“I mean, someone should go in and check that, for sure. But I’m assuming it’s logged and verifiable,” Marshall said, when asked about the 3,167 hours.
“When you see something like that, you should go in and verify it, and I’m assuming that has been done.”
The Telegram attempted to contact both of these particular contractors, but did not receive responses by deadline.
When asked whether this system of embedded consultants was the least-cost way to run the Muskrat Falls project, Marshall said, “I can’t say.”
One industry source, who has done contract work for the Muskrat Falls project, said this system is a symptom of the disorganization at Nalcor when it comes to Muskrat Falls.
“It shows an organization that was not in any way prepared or capable of executing this project,” the source said.
“It’s absurd. Imagine if the government did this in any other department. Just imagine.”
Another source, with knowledge of the internal workings at Nalcor, estimated that roughly 90 per cent of the people managing the Muskrat Falls project are contractors who are not directly employed by the company.
“I could not name one single employee for the Lower Churchill project,” the source said. “If you told me to find one, I don’t think I could find a single one that’s not a contractor.”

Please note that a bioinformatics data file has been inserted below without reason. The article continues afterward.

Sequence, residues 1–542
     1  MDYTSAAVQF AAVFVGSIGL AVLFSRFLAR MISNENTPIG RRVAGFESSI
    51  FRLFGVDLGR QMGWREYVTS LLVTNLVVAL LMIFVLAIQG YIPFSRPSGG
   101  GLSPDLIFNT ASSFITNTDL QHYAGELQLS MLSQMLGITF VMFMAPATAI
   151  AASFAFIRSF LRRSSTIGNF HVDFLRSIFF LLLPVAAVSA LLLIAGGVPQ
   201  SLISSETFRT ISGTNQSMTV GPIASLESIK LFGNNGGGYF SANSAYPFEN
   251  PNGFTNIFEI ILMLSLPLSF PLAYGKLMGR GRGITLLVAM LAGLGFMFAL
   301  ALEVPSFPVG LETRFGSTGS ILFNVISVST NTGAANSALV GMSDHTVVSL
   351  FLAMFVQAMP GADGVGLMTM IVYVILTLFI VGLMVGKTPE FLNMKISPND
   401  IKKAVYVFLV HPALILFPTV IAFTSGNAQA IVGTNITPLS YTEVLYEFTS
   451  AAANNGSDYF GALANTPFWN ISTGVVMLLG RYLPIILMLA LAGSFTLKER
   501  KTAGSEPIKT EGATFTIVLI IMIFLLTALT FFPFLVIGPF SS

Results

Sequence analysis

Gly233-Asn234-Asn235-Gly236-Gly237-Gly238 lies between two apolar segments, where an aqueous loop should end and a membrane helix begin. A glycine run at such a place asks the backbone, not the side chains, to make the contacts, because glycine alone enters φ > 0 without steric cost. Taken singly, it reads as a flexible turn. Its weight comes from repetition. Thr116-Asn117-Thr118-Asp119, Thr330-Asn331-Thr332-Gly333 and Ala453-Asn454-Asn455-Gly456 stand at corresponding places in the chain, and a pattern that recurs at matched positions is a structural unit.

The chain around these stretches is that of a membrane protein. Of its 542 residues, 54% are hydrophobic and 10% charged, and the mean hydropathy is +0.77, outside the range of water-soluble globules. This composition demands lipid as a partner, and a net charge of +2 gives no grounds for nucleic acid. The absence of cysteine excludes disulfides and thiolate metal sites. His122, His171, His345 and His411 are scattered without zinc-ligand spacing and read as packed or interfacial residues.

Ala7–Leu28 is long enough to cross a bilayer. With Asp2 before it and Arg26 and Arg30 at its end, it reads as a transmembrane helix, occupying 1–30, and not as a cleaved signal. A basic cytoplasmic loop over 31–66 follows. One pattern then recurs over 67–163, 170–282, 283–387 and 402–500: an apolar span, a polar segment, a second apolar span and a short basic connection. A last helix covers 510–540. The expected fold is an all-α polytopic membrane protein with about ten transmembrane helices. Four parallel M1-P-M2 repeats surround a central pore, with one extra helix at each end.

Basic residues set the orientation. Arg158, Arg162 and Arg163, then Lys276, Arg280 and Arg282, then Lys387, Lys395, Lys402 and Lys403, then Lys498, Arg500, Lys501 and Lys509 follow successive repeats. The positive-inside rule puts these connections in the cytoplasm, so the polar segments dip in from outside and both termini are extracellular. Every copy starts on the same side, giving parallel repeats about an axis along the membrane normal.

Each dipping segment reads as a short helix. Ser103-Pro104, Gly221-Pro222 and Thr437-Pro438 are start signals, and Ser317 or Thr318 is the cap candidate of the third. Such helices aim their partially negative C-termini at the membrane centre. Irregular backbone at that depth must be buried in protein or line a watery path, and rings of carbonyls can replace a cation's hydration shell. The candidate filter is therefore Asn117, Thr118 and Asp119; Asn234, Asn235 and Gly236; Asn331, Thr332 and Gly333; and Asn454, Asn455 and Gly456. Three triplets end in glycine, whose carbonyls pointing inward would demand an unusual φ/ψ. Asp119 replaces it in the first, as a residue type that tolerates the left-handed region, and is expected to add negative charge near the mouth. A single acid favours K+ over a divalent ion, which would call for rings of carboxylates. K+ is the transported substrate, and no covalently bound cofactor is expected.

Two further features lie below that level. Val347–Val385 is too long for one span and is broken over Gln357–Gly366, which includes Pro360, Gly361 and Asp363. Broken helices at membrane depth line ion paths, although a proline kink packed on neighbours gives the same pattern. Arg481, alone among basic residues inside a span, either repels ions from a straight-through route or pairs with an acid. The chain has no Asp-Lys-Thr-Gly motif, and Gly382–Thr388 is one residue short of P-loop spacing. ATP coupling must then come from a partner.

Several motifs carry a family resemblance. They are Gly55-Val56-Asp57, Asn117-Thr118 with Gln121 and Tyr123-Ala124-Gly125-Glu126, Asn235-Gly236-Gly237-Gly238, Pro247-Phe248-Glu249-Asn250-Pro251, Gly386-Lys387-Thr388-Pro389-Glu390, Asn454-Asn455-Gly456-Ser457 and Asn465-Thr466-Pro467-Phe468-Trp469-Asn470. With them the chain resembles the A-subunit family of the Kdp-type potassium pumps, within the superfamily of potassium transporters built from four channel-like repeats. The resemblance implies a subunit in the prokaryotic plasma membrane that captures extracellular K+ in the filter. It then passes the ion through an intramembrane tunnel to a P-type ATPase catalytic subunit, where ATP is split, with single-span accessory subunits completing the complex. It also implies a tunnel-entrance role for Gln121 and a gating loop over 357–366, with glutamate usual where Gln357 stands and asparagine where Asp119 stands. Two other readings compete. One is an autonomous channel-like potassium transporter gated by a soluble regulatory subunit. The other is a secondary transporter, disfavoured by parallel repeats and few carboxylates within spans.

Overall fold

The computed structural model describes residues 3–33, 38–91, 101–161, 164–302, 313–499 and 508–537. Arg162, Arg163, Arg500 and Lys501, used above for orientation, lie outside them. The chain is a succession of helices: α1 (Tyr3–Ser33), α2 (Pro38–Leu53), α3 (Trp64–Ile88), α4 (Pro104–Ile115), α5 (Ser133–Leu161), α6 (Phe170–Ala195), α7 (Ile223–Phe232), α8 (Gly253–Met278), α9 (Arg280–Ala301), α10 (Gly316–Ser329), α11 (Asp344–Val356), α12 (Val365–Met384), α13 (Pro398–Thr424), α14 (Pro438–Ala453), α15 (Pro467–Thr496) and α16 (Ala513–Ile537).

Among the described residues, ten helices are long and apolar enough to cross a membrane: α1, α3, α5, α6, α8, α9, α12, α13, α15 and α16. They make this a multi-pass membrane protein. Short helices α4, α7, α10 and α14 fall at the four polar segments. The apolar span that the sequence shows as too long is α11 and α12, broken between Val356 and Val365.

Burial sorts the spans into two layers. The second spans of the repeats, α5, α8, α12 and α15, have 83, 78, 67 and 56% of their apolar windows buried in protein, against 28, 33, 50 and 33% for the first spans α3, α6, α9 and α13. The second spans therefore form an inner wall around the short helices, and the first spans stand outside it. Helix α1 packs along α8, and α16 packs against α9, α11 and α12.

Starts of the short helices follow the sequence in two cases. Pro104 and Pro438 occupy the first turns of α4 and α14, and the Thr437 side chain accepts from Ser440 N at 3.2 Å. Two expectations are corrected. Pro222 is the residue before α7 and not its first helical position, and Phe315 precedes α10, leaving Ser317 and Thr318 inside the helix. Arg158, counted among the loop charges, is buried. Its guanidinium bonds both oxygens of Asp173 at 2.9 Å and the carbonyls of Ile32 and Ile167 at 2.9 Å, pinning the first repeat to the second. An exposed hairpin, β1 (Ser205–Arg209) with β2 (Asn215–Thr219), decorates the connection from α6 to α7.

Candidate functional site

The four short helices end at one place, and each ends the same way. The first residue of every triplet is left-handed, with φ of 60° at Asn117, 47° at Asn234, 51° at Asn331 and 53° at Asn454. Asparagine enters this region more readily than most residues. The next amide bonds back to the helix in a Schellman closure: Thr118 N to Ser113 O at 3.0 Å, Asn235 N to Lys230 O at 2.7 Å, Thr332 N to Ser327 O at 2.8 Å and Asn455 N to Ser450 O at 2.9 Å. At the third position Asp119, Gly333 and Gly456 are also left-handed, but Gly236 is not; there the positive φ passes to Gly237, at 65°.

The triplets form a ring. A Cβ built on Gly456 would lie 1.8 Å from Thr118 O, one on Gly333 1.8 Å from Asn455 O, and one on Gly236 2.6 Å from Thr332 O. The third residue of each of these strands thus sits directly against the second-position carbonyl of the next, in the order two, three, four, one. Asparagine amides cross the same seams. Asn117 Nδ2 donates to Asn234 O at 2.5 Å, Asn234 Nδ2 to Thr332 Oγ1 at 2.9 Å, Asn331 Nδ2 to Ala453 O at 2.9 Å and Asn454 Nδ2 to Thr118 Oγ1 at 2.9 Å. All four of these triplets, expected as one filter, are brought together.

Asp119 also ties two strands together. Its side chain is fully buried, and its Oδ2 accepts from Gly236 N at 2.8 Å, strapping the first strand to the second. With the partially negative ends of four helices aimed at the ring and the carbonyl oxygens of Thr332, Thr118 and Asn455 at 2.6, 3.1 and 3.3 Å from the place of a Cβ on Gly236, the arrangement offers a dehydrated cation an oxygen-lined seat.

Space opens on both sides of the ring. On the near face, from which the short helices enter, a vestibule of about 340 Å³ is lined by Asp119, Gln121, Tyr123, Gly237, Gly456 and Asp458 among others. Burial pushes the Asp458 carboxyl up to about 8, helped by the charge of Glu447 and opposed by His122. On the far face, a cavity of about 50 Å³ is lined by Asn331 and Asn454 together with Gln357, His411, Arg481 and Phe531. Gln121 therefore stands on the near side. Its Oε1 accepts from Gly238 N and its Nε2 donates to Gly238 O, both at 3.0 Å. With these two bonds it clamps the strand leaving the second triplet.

Marshall said he isn’t sure whether embedded contractors are counted as part of Nalcor’s published employment statistics about the Muskrat Falls project.
He said that since most of the embedded contractors were hired before he became CEO in 2016, he’s not certain whether they were hired through a tender or a sole-source contract.
“I don’t know. It’s before my time. All I know is that I deal with the contracts that are coming up for renewal.”
Nalcor refused to disclose the names of the companies that the embedded contractors are actually working for, citing personal privacy concerns. As such, it’s impossible to say how many of the workers are employed by large staff augmentation firms — known in the industry as “body shops.” Those companies typically take a percentage of the hourly rates, between 10 and 30 per cent, according to one source.
But some of the contractors are employees of one-person corporations, so they pocket all of the vastly inflated hourly wages, although they’re responsible for Canada Pension Plan contributions and other benefits costs.
Reached for comment, Public Utilities Board consumer advocate Dennis Browne said the revelations about embedded contractors further underscore the belief that Nalcor has been given free rein on the Muskrat Falls project, with no meaningful oversight.
“Only with a full public inquiry under the jurisdiction of the Public Inquiries Act and presided over by a justice of our Supreme Court who has powers of subpoena, and can subpoena witnesses from other Canadian jurisdictions, will there ever be light shed on what has really transpired here,” Browne said.